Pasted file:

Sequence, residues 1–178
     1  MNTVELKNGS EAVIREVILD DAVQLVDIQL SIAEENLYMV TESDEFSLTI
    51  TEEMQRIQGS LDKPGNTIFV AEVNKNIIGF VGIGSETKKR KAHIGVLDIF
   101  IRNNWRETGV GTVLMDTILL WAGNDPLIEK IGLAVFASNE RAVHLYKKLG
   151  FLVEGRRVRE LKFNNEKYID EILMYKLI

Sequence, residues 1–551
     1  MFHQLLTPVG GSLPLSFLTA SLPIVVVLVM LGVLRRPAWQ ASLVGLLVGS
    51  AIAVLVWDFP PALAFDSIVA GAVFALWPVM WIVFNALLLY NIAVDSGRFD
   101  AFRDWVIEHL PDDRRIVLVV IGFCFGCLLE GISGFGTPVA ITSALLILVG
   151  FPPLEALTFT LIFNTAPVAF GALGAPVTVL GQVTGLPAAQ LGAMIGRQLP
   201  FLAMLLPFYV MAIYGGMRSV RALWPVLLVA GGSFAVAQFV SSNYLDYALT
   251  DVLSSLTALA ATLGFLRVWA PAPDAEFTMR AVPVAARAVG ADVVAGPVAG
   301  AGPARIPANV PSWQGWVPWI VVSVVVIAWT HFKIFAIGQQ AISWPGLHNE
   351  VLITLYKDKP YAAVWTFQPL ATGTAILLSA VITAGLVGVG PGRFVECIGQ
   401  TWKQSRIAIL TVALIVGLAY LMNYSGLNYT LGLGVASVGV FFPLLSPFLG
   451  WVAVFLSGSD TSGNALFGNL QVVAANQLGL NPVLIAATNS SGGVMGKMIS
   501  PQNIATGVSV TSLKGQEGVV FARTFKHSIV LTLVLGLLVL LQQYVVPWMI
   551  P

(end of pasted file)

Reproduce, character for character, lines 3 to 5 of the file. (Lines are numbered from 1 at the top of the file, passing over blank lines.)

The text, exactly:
    51  TEEMQRIQGS LDKPGNTIFV AEVNKNIIGF VGIGSETKKR KAHIGVLDIF
   101  IRNNWRETGV GTVLMDTILL WAGNDPLIEK IGLAVFASNE RAVHLYKKLG
   151  FLVEGRRVRE LKFNNEKYID EILMYKLI